Review: This new mobile game by the Pakistan Army lets you take part in a military operation in Swat
Video games have come a long way since the good ol' PlayStation days.
Today, all leading professional sectors use gaming in various applications. From science and education, to marketing and HR: you just need to be creative enough to use video games to your advantage.
The US Army has done a game from an HR perspective. It’s called the ‘American Army’, and its main objective is to give people an idea of what life would be like as an armed forces serviceman or woman.
The US Navy too, once launched a game just so that they could document strategies deployed by gamers which could later be integrated in the AI brain of their non-piloted submarine.
Following in these footsteps, the Pakistan Army recently launched their own game, called ‘Glorious Resolve’, which seems like it was created to give users an experience of how a successful military operation pans out.
I recently downloaded the game on my phone and gave it a shot. Here are some of my thoughts:
This is a BIG game! Don’t get me wrong: the story itself isn’t too long, and the campaign is pretty straight forward — but the map is massive, which takes a toll on the game’s performance.
The massive map is also pretty monotonous, which means each of the campaigns drags on for a bit too long. Right now, I am stuck on the second Peochar campaign.
As a huge FPS fan, I have literally grown up playing Counter Strike on LAN and gaming zones before finally settling for consoles.
The problem with Glorious Resolve is that it views mobile gaming as being similar to PC and console gaming. It lags on my Xiaomi Mi A1, and I had to exercise glorious patience during the first mission, where helicopter control was was so bad that it took a lot of extra effort to just have the helicopter focus its aim on the miscreants on the ground.
I like the overall concept of the first mission though. During active war zones, the helicopter troop transport is usually accompanied by an Apache helicopter, which makes sure the enemies on the ground don’t bring the troop helicopter down.
Graphics and story-telling
The game’s start up screen begins with an intense ISPR briefing, with live-action clips of soldiers. When you play for the first time, you are asked what rank you’d like to choose: General, Colonel etc., and then you are given a character to play.
There are many bugs that you'll notice as soon as you start playing, which shows that the game design is weak from a development standpoint. For example, during the second mission, instead of auto-aim, you get auto-fire. You have to bring the crosshair on the target within a certain range for it to start shooting. I don't think it is possible to shoot manually while aiming, because the control on the right is for cross-hair movement, with the shooting button right below it. The controls on the left are for movement.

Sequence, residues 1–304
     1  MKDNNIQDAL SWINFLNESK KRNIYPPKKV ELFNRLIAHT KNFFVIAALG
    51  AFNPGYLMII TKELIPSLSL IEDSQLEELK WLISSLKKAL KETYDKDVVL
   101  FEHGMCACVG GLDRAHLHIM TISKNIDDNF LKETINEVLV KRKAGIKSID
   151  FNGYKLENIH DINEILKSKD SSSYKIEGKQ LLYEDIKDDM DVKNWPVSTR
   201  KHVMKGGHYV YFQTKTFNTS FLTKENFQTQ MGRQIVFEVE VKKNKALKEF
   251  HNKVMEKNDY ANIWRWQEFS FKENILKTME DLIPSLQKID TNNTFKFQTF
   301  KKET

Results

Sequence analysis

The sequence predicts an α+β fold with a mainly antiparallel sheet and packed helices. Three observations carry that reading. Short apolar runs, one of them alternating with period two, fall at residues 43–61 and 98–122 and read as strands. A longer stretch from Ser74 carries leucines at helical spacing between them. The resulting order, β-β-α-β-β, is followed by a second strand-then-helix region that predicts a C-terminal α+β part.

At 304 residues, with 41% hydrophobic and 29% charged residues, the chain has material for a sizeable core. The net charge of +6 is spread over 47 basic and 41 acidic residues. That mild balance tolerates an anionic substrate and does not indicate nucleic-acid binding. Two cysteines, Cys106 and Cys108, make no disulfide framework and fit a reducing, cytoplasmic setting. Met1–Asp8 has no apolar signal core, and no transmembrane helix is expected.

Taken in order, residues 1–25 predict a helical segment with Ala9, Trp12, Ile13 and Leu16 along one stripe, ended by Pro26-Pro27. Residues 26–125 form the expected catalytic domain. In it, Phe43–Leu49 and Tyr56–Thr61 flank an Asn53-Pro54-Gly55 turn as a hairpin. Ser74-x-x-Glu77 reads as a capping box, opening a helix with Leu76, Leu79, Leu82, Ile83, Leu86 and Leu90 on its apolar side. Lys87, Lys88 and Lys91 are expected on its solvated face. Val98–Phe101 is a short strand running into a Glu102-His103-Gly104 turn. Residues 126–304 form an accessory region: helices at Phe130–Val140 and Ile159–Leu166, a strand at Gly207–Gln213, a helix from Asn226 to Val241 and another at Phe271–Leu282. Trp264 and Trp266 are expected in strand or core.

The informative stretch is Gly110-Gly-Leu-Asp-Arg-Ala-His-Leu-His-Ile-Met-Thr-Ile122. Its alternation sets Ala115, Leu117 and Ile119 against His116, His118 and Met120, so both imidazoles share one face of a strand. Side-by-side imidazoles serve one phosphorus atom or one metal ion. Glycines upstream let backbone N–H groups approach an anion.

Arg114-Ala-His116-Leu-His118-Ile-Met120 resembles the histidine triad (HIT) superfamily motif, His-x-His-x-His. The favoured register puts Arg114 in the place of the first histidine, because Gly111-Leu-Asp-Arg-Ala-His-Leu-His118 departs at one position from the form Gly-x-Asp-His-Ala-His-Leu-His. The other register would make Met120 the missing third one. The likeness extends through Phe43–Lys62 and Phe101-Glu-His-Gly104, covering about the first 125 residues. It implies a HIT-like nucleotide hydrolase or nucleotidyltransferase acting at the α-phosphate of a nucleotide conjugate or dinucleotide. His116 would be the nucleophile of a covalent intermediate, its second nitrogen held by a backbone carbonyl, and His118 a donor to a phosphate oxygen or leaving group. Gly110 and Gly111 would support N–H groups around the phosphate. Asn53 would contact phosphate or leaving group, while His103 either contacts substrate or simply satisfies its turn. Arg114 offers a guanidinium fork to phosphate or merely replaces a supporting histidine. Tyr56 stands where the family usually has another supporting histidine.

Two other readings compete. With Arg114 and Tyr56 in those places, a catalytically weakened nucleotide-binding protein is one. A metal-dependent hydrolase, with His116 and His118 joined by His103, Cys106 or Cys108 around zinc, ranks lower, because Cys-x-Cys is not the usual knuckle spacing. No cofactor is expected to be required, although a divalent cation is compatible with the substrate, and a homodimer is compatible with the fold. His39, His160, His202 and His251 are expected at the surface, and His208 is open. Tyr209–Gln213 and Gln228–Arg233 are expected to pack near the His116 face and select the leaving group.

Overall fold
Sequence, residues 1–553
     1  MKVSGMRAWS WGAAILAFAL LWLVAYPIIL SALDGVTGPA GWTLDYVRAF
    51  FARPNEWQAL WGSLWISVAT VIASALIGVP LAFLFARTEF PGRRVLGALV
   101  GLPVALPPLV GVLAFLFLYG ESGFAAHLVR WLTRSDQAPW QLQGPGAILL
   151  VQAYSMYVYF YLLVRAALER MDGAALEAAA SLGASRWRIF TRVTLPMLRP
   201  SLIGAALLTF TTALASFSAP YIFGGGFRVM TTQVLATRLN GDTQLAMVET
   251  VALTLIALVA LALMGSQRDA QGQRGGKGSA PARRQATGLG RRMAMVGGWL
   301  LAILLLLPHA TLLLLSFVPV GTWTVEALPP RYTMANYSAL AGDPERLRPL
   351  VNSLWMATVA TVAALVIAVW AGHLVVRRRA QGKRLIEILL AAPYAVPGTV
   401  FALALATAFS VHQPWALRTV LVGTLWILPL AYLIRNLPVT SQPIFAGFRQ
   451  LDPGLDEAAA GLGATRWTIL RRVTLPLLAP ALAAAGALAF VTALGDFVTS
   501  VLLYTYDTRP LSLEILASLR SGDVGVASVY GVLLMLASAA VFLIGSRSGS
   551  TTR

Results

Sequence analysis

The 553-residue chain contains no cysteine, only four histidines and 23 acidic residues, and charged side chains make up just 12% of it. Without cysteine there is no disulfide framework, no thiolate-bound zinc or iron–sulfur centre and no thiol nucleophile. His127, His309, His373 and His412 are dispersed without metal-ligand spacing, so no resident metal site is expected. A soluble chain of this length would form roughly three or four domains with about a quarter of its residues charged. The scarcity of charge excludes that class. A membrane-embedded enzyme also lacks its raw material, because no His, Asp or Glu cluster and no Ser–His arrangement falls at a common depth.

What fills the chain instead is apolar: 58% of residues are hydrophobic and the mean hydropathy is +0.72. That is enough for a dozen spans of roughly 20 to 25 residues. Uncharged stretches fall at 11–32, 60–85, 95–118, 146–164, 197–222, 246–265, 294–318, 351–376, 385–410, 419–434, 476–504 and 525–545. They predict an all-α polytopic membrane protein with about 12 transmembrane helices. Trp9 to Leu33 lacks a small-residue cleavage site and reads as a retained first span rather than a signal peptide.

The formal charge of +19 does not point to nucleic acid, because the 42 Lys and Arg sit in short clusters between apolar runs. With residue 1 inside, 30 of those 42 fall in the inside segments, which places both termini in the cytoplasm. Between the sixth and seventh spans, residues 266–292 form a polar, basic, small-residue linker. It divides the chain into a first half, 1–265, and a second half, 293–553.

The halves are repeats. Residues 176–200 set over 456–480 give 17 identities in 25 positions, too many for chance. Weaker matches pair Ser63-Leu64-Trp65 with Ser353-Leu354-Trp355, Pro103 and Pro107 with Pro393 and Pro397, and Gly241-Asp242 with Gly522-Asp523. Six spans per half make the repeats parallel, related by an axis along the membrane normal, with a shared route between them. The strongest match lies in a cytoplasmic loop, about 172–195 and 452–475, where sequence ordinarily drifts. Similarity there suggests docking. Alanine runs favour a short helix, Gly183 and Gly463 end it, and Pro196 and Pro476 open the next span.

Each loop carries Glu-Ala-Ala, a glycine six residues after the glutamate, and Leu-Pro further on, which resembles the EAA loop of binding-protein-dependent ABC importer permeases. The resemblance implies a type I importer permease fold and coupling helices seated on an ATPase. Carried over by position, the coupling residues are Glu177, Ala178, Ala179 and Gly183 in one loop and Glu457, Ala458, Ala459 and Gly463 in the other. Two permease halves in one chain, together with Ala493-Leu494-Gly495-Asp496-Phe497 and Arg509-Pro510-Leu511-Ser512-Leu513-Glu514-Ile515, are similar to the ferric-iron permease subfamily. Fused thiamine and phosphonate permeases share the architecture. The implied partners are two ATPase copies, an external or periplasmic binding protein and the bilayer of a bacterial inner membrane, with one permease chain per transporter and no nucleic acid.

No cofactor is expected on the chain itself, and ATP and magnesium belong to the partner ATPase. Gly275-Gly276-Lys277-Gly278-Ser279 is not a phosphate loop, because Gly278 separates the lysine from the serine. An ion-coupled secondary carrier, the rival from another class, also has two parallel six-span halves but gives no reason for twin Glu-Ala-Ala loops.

Once you land, the map is quite huge and you have to run around a lot. You do get two pretty much useless supporting troops with you, who mostly just run up to the terrorists like they're doing ‘salam-dua’. So I did what any LAN gamer would do when friendly-fire is open: I shot them and went on the mission Shaan style — all solo and YOLO.
Annoyingly, during the game I realised I do not get any health packs, and as my SSG captain isn't invincible to bullets, I soon got him killed.
I haven’t managed to get past the second mission up until now, since I don’t have any health packs left. I tried to upgrade my guns to shoot my way through spartan style, but apparently while they did award me medals and money on hitting achievements, you can't use any of it to upgrade your guns.
On the other hand, the game keeps on telling me that I have to spend to upgrade to a new gun, and also shows me quite a bit of money on the top-right corner. It also feels like they included an in-game purchase function just for the sake of it.
A lot of people have reported similar errors and more on their Play Store page, and they have responded that they’re working on it. However, I have to say that this isn’t a game that would easily work on most average phones.
The reason why I didn’t push to complete the second mission and move to the final two missions is because my 2018 model Android phone would lag every 10 minutes during playing and also get hot, which is not a good sign.
Gaming technology has come really far, and while gameplay and game design are crucial in delivering the experience gamers want, what they really appreciate is an opportunity to immerse themselves in a gripping story.
Storytelling in games is far more advanced than what you see in movies these days. I reckon that is because games today want you to have a consequence for every action you, which is also why they aren't too easy to design.
The Swat ordeal is so full of beautiful stories and sacrifices that I would hope someone writes a better story and utilises the amazing landscape for an ultimate gameplay experience one day.
Glorious Resolve leaves a lot to be desired.
Do try it though, it is fun!
Rating: ★ ★ ★ ☆ ☆